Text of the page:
Spare Parts 3 But as Dan continued to struggle and pay their debt, even this warmth had faded. Their friendship and Dan’s adolescent hope for more were not enough reason to risk ruining everything. So Dan had emptied his savings and paid off his share. He had fixed his mistakes. And he gave his best wishes and his half of nothing to his best friend. That was almost twenty years ago. Today, Glen Mills Mechanics was still there, and so was Rodney. He’d managed to keep it going, barely, but Rodney’s morals hadn’t improved any more than the business had. Nothing and everything had changed. After he left Rodney, Dan had found another garage and another old mechanic. But the similarities ended there. Santom was always there under the hood of a car, and there was nothing blind about him. He was willing to forgive, but not forget, mistakes. Dan had to work harder and longer and learn more than he thought any mechanic should ever know. Eventually, he had earned Santom’s respect. He’d earned a true friendship based on trust and hard work. And when old age finally caught up with his old friend Santom, Dan inherited his business. It was one of the businesses that he still ran, the one that had grown with its younger owner into a chain of six garages -- each with SANTOM’S on its sign. Both Rodney and Dan were still mechanics. They both still lived in Glen Mills. But they were not still friends. They avoided the topic and each other. Rodney had grown old and fat in his jealousy, and Dan had grown distant and silent running his businesses in the city. They were only miles apart, but they were worlds from where their friendship had started. Leaving Rodney had been the biggest turning point in Dan’s life. It had changed the direction of every moment that followed. But now, at thirty-five, it all seemed less traumatic. It didn’t hurt as much in retrospect. Scar tissue is thick and numb. Amid the gridlock traffic, the sports car behind Dan beeped its pitiful little horn. Dan had to grit his teeth to keep from throwing the pickup into park and grabbing the tire iron in the backseat. He gripped the steering wheel and exhaled slowly. He was beyond that youthful anger. He put it inside. Now there was a little gray touching Dan’s dark temples, but he was solid. Years of twisting wrenches and lifting steel had made his workingman’s body as hard as his resolve. And he was determined that all that hard work would not be undone by small-town rumors. Dan tried not to blame Glen Mills. He knew that he owed part of his success to that hometown. His business and his business sense had both stemmed from his blue-collar background. His hardworking roots were in that suburb, but he was not going to let his past destroy his future. He was not going to let Rodney destroy his name. But Dan really couldn’t hold his neighbors’ shock against them. No one saw it coming. No one thought the smart, responsible one was going to turn out that different after thirty. No one expected him to leave his fiancée. No one expected a handsome, hard worker with broad shoulders and a square jaw to .
4 Scott & Scott end up a confirmed bachelor. Honestly, no one expected the confirmation. No one expected him to be gay. And once they knew the truth, it became easy to believe Rodney’s lies. When a timid customer in her fifties picked up her car and said, “Rodney’s been talking,” Dan could tell by the quick, embarrassed way she looked down at her shoes just what he’d been talking about. The woman, who had probably known Dan since he was a child, finally admitted, “He says it’s no coincidence you hire all these young, handsome mechanics.” She shuffled into her car and left Dan speechless. Sure, he worked with a lot of younger guys. Some were still in high school and only worked weekends and late afternoons. But this was where the talent was. Dan remembered what it was like to be young and ambitious. He remembered how it could go wrong so easily and so fast. Dan wanted to teach them and mold them and turn them into amazing mechanics and men. It had everything to do with success for himself and them. It had nothing to do with being gay. Everybody needed a good mechanic, someone to trust. And that was the belief he had built his business on. There were plenty of kids out there who could rebuild a carburetor in their sleep, but teaching them to do it honestly was another story. Dan spent most of his time teaching the most simplistic business principles: No one gets arrested for taking parts out of cars if he replaces them with new ones. The real money is in loyalty. Long-term customers bring in long-term profits. A quick buck doesn’t even last as long as that recycled, rebuilt part you used to cheat the customer. Trust lasts forever. And that was Dan’s business. That’s what had earned him a modest empire of garages that circled the bustling city like protective wagons. And now that was all being attacked. Yes, Dan paid those kids well to learn. And soon, they became invaluable. It worked out well for all involved. He made sure it worked out better for them than it had for him at their age. But the idea that anything else was going on with those young guys was ridiculous. It was exactly the kind of scandal people would secretly believe despite themselves. It was the kind of thing people whispered and said, “That can’t be true.” But that didn’t stop the rumors, the speculation, the suspicion that it just might have a kernel of truth it in. And it was exactly the kind of ignorant, evil lie Rodney would invent. By the time the whispers had spread throughout town, no one even remembered who whispered first. Dan scowled as he finally pulled his truck out of traffic and onto the back roads. He drove north, choosing the potholes and twisting pavement over the clogged, slick arteries of commuters. This was the same choice he had made all his life. Driving the bumpy roads takes its toll. But to Dan, the easy route was never that easy. The straight and narrow was always backed up. He’d paid the price for some choices, but he’d always been able to hammer out the dents and get things running smoothly again. .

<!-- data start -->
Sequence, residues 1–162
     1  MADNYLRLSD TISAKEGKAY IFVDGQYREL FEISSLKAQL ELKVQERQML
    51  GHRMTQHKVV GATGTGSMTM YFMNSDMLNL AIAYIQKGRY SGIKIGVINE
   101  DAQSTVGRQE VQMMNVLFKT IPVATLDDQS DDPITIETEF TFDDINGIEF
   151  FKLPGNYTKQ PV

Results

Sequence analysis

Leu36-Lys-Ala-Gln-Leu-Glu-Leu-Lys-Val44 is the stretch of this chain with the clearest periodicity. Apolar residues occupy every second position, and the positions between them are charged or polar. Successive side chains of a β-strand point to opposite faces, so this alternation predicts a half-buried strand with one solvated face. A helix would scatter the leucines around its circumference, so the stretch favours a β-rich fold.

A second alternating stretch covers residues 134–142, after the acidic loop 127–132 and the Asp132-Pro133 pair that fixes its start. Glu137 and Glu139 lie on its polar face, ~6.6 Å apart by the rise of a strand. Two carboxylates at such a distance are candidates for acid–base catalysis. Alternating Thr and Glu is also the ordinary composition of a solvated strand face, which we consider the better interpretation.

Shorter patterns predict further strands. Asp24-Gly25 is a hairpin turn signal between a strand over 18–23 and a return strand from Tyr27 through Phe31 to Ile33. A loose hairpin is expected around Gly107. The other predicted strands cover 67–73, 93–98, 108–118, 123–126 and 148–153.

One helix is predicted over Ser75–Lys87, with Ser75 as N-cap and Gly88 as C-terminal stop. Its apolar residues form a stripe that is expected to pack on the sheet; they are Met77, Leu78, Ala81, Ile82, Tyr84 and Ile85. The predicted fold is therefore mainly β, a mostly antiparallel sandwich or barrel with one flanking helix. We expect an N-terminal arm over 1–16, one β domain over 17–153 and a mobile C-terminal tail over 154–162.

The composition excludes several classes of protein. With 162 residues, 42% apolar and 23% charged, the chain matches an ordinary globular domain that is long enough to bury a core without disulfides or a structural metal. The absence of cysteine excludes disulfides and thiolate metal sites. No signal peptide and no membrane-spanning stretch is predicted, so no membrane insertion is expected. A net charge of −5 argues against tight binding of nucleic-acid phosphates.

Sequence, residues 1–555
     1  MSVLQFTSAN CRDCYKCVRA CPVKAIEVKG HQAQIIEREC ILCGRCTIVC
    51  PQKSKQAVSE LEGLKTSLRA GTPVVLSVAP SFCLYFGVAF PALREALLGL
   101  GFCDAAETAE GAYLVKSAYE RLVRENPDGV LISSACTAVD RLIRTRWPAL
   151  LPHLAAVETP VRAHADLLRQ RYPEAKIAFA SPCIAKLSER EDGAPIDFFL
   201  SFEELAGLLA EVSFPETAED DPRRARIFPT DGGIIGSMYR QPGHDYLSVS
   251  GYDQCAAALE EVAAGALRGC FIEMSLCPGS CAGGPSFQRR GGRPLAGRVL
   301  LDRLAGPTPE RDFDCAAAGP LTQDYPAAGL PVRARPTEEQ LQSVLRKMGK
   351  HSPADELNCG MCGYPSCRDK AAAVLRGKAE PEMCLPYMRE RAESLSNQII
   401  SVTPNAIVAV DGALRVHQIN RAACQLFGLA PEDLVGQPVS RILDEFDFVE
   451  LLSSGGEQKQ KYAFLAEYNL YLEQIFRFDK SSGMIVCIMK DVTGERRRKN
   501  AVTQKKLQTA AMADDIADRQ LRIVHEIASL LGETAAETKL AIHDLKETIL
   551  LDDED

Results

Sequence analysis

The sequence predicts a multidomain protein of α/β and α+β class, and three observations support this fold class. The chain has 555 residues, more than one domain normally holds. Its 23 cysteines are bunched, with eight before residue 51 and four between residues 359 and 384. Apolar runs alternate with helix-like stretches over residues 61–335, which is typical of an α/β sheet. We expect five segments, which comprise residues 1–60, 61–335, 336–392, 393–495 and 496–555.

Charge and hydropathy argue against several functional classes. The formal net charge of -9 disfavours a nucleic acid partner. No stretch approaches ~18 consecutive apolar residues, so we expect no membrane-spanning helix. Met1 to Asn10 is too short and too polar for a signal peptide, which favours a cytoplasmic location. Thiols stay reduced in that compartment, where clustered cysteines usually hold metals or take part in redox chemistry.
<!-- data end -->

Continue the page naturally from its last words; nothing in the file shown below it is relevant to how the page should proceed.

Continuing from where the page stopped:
Spare Parts 5 Dan knew there were more rough roads ahead of him. But he had no idea how to repair the rumors and the resulting damage. If only he had come out sooner. If only he had been the one to tell his customers and neighbors about his sexuality instead of Rodney. If only Rodney hadn’t spotted Dan’s truck in front of a certain bar on a certain night. But there was no time for regrets now. Dan’s homosexuality was not a secret. He wasn’t ashamed. He just didn’t broadcast it. He didn’t mix business with pleasure; he didn’t fly a pride flag over his garages. In fact, he didn’t actually have time for pleasure, with all the business in his life. But now his business was defined by sex. He was the gay mechanic. Dan tried not to think about irreparable mistakes. He just wished people could have had their own chance for acceptance. He wished his parents had lived long enough to accept the real him. But he had waited too long to come out, and now he’d never know. And he knew that he’d waited too long for himself, too. He was comfortable with himself now. However, getting to that point was a struggle he couldn’t understand and didn’t want to remember. He hit a pothole and cranked the wheel all the way to the right. He forgot about whispers and lies. He forgot about how fast and unexpectedly life can change course. He forgot about decades living in the closet, keeping himself and everyone in the dark. He forgot how small and scared a big man like himself could feel creeping out of denial and into the light at thirty. Dan pulled into his driveway and shut off the engine. He pulled his key out of the ignition and put another one into the door of his empty house. Time to stop dwelling on the past. He had enough to deal with in the present. His house was large, comfortable without pretense. It was just a little too big for a bachelor. The suburbs had grown up around the ideal of children and family and happily ever after. What they didn’t accommodate were self-sufficient gay men in their thirties who were too used to being alone. He looked around his home and laughed at the thought that anything scandalous was happening in his life. The rumor that it was happening in his sex life was practically impossible. But people will believe what they want. There is nothing wrong with the suburbs, he reminded himself. But a small town like Glen Mills could be like a big, dysfunctional family. He was the town’s estranged son, its success and failure all at once. It wasn’t surprising that they would talk about the gay guy who had gone wrong and made it good. It was crazy gossip, but it wasn’t hard to believe. Sexual indiscretion. Manipulation. Molestation. Nothing could have been more damaging, and nothing could have been farther from the truth. .